Kiké Hernández (Puerto Rico), Rafael Devers (Dominican Republic), Masataka Yoshida (Japan), Alex Verdugo (Mexico), Nick Pivetta (Canada), Ceddanne Rafaela (Netherlands), Jorge Alfaro (Colombia), Richard Bleier (Israel) and Ryan Sherriff (Israel) are expected to play. Christian Arroyo (Puerto Rico) and Kenley Jansen (Netherlands) are maybes.

More non-roster invitees

The Red Sox have added 10 non-roster invitees to the 2023 spring training roster: RHPs Dan Altavilla, Taylor Broadway, Durbin Feltman, Victor Santos, and Chase Shugart, INFs Christian Koss and Matthew Lugo, INF/OFs Ryan Fitzgerald and Nick Sogard, and catcher Stephen Scott.

Rafaela skyrockets

Prospects guru Keith Law ranked Ceddanne Rafaela No. 37 on his Top 100 prospects list for The Athletic.

It’s a significant departure from how other evaluators view the organization’s 2022 breakout star; Rafaela currently sits at No. 3 in the Sox system, but ranks 86th in MLB Pipeline’s Top 100 and 71st by Baseball America.

While Law echoed the organization’s concerns about the 22-year-old’s plate discipline, he praised Rafaela’s speed and “elite” defense. Rafaela hasn’t reached Triple-A yet, but Law still placed him just ahead of Casas, whose September debut prompted the Sox to construct the 2023 roster with him as the projected everyday first baseman; he slotted in at No. 40.

Law also moved Marcelo Mayer, Boston’s No. 1 prospect, from No. 18 to No. 11, and has a high opinion of 19-year-old Miguel Bleis; he listed him at No. 72, compared to No. 93 in the pipeline and No. 88 for Baseball America.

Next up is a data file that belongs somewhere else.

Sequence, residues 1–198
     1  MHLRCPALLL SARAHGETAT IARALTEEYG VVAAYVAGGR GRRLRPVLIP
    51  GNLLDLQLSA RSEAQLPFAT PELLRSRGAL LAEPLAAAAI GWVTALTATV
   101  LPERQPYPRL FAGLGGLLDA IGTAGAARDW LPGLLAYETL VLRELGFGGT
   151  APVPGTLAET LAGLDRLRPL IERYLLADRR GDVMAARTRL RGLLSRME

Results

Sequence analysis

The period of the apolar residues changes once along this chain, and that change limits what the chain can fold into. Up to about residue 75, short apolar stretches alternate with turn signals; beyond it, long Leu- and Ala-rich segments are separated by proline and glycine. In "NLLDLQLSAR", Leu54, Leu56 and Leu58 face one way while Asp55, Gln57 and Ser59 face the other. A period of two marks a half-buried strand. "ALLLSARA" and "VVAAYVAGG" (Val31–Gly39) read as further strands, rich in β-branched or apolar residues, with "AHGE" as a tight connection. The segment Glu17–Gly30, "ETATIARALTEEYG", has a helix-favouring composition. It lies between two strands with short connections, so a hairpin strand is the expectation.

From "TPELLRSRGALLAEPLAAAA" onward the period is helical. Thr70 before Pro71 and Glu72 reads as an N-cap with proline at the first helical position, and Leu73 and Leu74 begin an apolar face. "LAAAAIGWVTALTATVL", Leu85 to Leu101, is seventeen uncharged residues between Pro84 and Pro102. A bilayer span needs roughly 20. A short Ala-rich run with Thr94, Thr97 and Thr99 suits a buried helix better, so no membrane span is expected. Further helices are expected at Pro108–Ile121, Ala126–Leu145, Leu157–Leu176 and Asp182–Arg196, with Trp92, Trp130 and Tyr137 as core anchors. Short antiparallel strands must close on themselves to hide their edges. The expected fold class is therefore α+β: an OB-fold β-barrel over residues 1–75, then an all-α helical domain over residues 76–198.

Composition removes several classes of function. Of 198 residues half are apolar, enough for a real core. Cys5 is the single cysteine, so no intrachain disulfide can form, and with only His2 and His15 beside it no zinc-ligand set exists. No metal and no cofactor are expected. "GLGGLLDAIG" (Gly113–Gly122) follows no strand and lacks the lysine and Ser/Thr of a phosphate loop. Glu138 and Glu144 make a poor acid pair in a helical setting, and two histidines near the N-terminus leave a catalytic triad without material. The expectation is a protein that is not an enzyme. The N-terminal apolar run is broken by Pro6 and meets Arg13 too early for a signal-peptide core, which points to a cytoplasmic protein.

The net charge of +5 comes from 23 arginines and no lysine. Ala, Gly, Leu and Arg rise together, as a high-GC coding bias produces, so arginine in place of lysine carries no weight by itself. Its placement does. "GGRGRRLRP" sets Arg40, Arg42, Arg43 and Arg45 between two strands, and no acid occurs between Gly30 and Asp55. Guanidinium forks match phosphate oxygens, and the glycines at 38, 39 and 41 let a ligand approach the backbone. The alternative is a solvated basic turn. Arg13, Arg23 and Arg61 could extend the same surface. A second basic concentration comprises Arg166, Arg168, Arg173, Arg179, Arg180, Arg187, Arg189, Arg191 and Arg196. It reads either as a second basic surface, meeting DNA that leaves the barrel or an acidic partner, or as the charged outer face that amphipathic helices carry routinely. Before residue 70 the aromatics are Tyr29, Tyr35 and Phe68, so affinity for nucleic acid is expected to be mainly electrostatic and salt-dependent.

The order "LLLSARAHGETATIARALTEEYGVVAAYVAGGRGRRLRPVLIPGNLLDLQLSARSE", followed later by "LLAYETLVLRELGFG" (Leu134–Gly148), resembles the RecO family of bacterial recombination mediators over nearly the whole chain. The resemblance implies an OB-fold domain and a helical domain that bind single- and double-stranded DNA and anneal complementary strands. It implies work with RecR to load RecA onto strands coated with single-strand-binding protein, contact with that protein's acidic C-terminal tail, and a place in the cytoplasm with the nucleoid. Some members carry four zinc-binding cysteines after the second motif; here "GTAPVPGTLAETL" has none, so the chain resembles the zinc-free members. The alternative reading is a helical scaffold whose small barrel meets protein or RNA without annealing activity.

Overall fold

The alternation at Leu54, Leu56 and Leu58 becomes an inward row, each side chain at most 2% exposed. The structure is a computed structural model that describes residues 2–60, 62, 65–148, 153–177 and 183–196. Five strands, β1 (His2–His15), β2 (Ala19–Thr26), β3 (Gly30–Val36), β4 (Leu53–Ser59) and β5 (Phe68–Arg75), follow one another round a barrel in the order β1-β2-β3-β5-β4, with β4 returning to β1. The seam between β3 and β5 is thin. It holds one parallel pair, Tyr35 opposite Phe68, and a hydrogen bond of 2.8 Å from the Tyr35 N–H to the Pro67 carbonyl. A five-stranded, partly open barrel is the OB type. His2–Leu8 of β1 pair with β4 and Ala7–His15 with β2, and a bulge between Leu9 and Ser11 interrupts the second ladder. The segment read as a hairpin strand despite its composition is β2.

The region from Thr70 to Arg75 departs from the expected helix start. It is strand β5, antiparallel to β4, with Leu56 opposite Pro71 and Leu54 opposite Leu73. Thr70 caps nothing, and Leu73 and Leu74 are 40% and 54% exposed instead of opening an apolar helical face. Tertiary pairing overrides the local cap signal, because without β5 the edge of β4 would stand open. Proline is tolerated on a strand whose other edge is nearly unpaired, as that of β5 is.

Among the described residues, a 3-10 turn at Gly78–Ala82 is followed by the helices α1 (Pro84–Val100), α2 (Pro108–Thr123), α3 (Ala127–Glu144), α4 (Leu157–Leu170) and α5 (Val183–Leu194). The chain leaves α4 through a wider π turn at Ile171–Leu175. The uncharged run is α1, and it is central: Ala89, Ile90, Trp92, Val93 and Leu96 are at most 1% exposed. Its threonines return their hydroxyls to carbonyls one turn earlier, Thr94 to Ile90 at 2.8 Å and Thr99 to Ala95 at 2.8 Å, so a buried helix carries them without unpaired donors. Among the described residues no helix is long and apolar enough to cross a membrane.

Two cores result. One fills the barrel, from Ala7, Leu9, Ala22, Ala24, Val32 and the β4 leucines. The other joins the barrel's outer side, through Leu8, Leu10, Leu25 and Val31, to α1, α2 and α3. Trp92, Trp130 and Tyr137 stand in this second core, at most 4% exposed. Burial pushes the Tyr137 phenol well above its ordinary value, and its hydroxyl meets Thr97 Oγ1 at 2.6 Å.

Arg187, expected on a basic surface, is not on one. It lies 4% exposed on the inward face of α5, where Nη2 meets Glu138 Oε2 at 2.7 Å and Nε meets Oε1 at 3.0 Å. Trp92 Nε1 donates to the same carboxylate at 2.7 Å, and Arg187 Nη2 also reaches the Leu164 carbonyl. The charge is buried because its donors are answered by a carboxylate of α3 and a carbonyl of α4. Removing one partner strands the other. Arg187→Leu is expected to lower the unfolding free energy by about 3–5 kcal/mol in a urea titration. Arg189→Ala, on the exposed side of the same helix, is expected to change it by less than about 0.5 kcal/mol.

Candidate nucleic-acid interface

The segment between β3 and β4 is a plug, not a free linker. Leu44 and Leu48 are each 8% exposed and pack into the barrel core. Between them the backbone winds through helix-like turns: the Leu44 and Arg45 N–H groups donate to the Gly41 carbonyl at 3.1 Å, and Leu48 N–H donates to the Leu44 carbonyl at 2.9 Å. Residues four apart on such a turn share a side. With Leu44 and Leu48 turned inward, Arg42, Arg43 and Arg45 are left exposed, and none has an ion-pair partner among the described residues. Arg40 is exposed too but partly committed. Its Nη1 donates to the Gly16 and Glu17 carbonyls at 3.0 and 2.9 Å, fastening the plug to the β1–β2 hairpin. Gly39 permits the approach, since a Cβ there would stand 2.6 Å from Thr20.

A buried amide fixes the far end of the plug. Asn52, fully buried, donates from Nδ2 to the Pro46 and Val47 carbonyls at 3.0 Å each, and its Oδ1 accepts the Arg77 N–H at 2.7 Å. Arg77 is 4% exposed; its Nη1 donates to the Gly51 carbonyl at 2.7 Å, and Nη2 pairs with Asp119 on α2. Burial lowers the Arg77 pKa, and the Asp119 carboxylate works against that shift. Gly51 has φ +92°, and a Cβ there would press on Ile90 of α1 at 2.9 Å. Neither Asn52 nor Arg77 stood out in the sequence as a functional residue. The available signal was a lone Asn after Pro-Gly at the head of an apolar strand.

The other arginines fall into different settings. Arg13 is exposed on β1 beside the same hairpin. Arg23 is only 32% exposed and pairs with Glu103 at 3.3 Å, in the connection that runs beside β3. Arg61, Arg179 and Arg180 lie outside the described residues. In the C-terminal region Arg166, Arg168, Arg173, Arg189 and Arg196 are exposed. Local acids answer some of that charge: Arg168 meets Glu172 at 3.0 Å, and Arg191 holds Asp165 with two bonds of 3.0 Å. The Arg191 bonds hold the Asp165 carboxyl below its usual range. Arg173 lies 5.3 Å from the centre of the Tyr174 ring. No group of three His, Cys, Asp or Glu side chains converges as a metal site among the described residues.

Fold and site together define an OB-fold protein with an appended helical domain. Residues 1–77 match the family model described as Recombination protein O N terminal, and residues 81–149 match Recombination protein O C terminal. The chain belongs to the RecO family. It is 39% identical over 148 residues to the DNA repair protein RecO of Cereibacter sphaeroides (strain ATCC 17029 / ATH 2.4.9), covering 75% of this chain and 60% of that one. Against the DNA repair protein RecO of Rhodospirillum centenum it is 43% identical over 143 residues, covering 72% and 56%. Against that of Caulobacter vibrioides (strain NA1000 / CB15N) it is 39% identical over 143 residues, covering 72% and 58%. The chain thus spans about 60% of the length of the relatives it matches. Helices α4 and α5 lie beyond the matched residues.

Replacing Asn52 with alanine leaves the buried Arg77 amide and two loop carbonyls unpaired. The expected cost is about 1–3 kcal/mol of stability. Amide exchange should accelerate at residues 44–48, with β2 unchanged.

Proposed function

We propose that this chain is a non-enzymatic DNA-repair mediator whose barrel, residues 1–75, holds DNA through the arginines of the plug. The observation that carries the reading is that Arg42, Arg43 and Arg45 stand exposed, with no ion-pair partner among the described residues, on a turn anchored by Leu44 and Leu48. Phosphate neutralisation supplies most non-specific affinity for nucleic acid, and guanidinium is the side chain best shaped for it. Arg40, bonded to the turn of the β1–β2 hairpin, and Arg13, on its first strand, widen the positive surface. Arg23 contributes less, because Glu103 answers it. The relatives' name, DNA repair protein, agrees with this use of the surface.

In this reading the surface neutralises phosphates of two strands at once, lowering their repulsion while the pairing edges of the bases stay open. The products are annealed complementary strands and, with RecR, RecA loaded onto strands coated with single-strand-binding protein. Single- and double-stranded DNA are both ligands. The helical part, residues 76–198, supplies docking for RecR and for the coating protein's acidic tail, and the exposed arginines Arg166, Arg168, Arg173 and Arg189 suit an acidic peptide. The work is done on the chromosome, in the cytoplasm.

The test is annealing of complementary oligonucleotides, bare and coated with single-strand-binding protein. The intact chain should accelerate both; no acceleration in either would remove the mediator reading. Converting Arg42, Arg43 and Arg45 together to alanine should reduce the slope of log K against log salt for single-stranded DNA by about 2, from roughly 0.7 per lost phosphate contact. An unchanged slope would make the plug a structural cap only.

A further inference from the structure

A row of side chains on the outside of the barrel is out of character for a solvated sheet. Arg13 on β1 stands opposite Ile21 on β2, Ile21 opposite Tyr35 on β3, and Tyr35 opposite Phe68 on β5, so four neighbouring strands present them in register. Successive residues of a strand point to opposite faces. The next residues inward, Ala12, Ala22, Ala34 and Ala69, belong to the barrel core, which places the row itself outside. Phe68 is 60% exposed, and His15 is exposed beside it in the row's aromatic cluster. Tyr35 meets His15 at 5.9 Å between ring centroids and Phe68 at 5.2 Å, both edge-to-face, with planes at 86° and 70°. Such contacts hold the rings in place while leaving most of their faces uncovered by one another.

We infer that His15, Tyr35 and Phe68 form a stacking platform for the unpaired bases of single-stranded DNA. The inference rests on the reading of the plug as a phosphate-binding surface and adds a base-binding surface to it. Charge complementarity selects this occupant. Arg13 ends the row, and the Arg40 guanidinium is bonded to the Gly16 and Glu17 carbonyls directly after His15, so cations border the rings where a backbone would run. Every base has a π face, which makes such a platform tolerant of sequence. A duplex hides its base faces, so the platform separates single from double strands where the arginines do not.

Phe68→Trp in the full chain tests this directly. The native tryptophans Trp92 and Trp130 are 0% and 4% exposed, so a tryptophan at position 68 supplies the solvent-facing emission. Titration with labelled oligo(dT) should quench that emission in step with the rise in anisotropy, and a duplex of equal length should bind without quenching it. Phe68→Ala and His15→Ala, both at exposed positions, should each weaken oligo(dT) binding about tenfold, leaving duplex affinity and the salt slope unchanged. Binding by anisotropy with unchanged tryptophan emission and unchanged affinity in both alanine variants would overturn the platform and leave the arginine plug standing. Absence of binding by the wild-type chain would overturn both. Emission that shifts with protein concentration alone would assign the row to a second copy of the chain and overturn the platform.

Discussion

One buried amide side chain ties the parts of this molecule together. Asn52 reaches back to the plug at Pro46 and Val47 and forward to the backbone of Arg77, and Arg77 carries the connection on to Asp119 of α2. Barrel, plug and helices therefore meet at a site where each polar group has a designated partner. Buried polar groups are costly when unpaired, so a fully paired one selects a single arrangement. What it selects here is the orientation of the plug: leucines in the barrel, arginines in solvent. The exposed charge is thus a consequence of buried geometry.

Ockimey retires, rejoins Sox

Josh Ockimey, a Triple-A PawSox/WooSox fan-favorite, announced his retirement from professional baseball this week.

After spending the 2022 MiLB season with his hometown Phillies, he’s rejoining the Sox organization in their professional scouting department.

The Sox drafted Ockimey as their fifth-round pick in the 2014 draft, and he opted to forgo his college commitment and begin his professional career. In 2017, Baseball America ranked him the organization’s No. 10 prospect. He was promoted to Triple-A in August 2018, but remained at the penultimate level until the end of the 2021 season.

Competing with higher-ranked first-base prospects such as Michael Chavis, Bobby Dalbec and Casas, Ockimey’s path to the majors was consistently blocked. But given how Chavis and Dalbec panned out, it’s unfortunate Ockimey never got a shot in the majors. He often displayed serious power potential during spring training and in Triple-A, hitting 11 doubles and 15 home runs in 98 games for the WooSox in 2021.

Over his seven seasons in the Sox system, Ockimey became a well-respected member of the organization. At the end of the inaugural WooSox season in 2021, he was the first-ever recipient of their “Heart of the Heart” community service award.

New Truck Day tradition?

Over the past 20 years, Truck Day has become an eagerly-awaited tradition, the first glimmer of hope that a long winter will soon lead to a new baseball season.

At 7 a.m. on Friday, the 53-foot truck will be loaded up with equipment, including 20,400 baseballs, 1,100 bats and 60 cases of sunflower seeds, and Al Hartz will chauffeur the goods from Fenway Park to Fenway South, the team’s spring training complex in Fort Myers, Fla.

This is Hartz’s 25th consecutive year making the trip, but for the first time, the truck will make a pit stop at the organization’s Triple-A Polar Park, which opened in Worcester in May 2021.The WooSox plan to greet the Milford native with their mascots and a care package full of local treats to take on the 1,480-mile drive.

Fans are invited to attend the Fenway departure (12 p.m.) and the Polar stop (approximately 1 p.m.).